How To Connecting Battery, Controller And Panels

Whether you have a PWM controller or an MPPT regulator, the process of connecting it to the battery and panel is the same. Typically there are three wiring sections on a charge controller: one for the panel, one for the battery, and one for the DC load.


1. Take a simple multi-strand copper core wire.

2. Match the charge controller "-" with the battery "-" with the black battery wire.

3. Pair the charge controller "+" with the battery "+" with the red battery wire

4. Screw the wires into the charge controller.

Turn on the charge controller: it should be able to measure the charge of the battery.

There should be a wiring diagram in the instruction manual of the charge controller, and you can refer to it if you have any questions.

PV modules


With the charge controller connected to the battery, it is now safe to attach it to the panel. From the panel's junction box there are two solar cables, positive and negative. In some cases it's just two wires connected directly to the controller. More commonly, there are so-called MC4 connectors on each end, a "male" connector for the positive cable and a "female" connector for the negative cable.

1. Connect the MC4 connector to the other end of a complementary pair of connectors. Skip this step if you have two wires coming directly from the junction box.

2. Plug these wires into the regulator: positive into "Positive" and negative into "Negative".

3. After connecting the panels to the controller, it should be able to recognize them. Check the status of the array on the charge controller screen.

4. The photovoltaic module starts to generate electricity as soon as it faces the sun.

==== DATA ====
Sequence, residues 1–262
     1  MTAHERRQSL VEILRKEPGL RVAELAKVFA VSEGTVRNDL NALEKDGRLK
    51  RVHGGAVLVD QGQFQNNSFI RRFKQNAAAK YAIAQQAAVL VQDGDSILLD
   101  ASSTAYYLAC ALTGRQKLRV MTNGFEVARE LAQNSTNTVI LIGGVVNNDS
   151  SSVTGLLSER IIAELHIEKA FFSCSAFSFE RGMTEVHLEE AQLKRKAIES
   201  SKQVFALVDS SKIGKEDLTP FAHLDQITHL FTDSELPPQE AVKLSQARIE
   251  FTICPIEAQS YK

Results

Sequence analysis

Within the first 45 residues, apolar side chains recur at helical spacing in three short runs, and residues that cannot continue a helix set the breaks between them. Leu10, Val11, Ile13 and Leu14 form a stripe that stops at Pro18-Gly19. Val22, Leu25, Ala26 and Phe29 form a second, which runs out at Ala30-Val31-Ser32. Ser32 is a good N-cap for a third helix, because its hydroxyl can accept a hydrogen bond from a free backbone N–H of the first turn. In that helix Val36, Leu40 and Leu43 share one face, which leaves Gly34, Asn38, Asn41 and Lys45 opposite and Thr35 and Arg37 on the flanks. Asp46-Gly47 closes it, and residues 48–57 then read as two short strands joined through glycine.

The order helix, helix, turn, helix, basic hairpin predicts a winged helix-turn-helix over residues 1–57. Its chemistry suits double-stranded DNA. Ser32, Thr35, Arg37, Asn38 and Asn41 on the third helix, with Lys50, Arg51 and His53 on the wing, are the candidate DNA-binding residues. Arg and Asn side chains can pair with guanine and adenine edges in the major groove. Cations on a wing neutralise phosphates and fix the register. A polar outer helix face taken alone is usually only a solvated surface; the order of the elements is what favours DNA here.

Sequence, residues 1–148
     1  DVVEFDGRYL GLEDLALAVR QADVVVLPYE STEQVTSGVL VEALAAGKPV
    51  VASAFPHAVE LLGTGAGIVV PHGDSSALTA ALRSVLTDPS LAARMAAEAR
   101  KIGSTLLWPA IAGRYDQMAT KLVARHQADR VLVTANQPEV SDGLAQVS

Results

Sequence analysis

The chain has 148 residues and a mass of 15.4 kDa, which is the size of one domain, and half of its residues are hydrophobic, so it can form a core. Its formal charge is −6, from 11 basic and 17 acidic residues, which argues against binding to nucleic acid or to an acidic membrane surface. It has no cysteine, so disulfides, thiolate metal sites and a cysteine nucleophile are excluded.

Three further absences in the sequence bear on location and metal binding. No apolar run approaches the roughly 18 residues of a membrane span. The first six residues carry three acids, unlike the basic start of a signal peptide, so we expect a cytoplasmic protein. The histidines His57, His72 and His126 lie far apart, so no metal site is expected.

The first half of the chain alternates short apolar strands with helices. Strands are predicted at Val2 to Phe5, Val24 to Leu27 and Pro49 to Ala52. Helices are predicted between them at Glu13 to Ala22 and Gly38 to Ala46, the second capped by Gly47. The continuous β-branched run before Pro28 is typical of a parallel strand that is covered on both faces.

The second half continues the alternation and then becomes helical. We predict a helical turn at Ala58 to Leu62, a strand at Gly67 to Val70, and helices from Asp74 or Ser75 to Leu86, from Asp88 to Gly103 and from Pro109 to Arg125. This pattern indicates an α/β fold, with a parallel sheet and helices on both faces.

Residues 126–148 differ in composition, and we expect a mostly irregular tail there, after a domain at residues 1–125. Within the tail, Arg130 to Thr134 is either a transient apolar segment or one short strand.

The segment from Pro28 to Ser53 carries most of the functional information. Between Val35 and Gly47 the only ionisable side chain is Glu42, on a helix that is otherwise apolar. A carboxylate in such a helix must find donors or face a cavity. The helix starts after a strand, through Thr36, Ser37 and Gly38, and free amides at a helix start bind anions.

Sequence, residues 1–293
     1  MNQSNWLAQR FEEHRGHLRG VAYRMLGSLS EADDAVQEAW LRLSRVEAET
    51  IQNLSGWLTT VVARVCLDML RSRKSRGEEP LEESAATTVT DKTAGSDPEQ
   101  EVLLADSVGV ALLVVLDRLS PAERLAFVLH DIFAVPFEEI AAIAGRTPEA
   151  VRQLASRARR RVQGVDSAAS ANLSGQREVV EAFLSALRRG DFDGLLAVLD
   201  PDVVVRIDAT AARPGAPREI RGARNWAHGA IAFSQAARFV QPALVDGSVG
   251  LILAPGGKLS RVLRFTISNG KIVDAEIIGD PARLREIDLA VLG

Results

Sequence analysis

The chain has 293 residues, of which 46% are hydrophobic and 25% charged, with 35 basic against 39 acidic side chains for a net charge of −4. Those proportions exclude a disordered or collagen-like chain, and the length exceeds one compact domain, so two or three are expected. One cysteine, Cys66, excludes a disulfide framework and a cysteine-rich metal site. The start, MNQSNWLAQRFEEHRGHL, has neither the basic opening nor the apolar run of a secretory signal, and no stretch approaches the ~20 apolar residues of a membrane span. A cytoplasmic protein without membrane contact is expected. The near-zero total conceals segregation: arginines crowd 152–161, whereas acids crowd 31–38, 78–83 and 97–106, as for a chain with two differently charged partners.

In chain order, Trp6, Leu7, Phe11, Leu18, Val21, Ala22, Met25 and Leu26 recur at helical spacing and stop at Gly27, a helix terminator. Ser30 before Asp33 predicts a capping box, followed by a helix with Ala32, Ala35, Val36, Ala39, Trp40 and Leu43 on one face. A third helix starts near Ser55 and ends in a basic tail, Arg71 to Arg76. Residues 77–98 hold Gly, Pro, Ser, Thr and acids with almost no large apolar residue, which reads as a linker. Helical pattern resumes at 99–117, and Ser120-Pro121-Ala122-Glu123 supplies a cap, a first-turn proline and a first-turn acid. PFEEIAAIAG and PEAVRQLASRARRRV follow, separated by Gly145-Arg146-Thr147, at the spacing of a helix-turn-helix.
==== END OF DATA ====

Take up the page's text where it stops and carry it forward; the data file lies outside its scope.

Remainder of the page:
Here is the diagram that gives an idea of how to wire these parts of the solar panel system together. We have a 12V solar cell, a 96A MPPT controller and two 330W solar panels.


If you have several solar panels, as shown, the positive cable from one panel is usually connected to the negative terminal of the adjacent panel. Then, the negative cable from the first panel and the positive cable from the last panel go to the charge controller. The panels are connected in series, which means their voltages are combined, but the amperage remains the same.

In this small panel system, each panel has about 38V. Since the panels are connected in series, their combined voltage is 38V * 2 = 76V. Their amperage is

330W ÷ 38V = 8.7A

The battery voltage is 12V. The PWM controller will just step down the voltage of the panel to the level of the battery. So for the entire array at 660W, you only need to use 8.7A * 12V = 104W. However, since we have an MPPT charge controller, it allows the panel to maintain its power and speeds up the charging process of the battery. This battery can theoretically receive 660W ÷ 12V = 55A of current.

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